Whole Foods CEO Caught In Embarrassing Message Board Brouhaha

from the mackey dept

The FTC's decision to oppose Whole Foods' acquisition of Wild Oats is the result of a misguided and myopic definition of what constitutes the relevant market. And while many expect Whole Foods to ultimately prevail, the proceedings have been unpleasant for the company's CEO, John Mackey. First it was revealed that Mackey championed the merger, in part because he believed that by taking Wild Oats out of play, it would prevent another supermarket chain from quickly becoming a Whole Foods rival. That may or may not be damning (from an antitrust perspective), but a new revelation will prove to be far more embarrassing. As part of its latest legal filing, the FTC dropped the bombshell that John Mackey had, for several years, been posting on the the Yahoo Finance message boards under a pseudonym, cheerleading his company's success and denigrating its rival, Wild Oats. He even made predictions about the company's stock price, putting out extremely high estimates for its performance. It's not clear that what he did was necessarily illegal, but his posting seems unethical and highly foolish, at the very least. If nothing else, the company's stockholders should wonder about what the boss is doing with his time.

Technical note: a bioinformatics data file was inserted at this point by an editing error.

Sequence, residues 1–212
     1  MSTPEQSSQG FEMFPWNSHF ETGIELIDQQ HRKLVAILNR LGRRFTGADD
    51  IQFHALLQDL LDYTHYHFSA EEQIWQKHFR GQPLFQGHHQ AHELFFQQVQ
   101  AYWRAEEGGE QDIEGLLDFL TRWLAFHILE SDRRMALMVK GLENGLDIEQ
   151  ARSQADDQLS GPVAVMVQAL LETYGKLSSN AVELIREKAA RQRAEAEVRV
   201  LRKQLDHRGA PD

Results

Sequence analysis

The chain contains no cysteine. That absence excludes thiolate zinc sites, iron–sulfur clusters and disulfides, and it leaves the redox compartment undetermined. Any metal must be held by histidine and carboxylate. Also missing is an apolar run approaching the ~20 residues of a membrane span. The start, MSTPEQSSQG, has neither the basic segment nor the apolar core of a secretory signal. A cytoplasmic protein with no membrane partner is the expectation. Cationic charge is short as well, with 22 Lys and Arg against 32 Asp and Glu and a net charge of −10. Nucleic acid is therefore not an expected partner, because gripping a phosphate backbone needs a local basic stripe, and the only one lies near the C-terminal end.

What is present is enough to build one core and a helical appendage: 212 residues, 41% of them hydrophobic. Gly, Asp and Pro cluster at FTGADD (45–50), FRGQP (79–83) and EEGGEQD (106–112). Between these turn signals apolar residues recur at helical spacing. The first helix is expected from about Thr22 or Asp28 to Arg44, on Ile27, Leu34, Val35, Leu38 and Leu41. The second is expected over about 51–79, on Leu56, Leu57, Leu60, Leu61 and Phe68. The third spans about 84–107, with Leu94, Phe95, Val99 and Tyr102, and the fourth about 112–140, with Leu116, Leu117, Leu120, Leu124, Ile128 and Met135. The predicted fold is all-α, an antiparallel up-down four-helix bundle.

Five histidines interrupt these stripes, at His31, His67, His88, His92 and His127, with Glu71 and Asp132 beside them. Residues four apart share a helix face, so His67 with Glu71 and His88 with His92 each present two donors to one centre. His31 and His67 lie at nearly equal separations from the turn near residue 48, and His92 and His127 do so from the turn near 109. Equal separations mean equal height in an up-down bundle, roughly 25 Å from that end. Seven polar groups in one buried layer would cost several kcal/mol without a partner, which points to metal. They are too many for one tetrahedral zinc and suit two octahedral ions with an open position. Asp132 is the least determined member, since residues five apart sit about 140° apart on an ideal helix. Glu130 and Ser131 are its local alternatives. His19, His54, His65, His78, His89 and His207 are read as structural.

Filed Under: message boards
Companies: whole foods


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  1. identicon
    tcurranmortgage, 17 Jul 2007 @ 9:32am

    A Web Reputation Follows You

    In its simplest form, this tale describes how a CEO violates one of the most fundamental tenets of a public corporation: transparency.

    By creating online "alter egos" and attempting to hide his true IRL "self" this CEO demonstrated a telling quality of his chairmanship. If he can't be transparent on the internet---bearing in mind that your web reputation follows you wherever you go---how can he possibly be transparent in his other CEO activities?

    Too, this story proves that many people still don't get it about the internet: the 'net doesn't provide the anonymity they all think it does!

    I post a lot on the 'net and I follow a simple rule: whatever I "say" online is a direct reflection on my business. This allows me to keep my ire in check when attacked by a troll or when I want to fire off something silly and negative in response to something that gets me angry.

    I've found this basic rule has saved me from embarrassing myself when I wanted to let my emotions speak instead of keeping my cool and thinking "long term" about my business and its online reputation.

    Sometimes simple is very, very hard to do, but it's well worth the effort.

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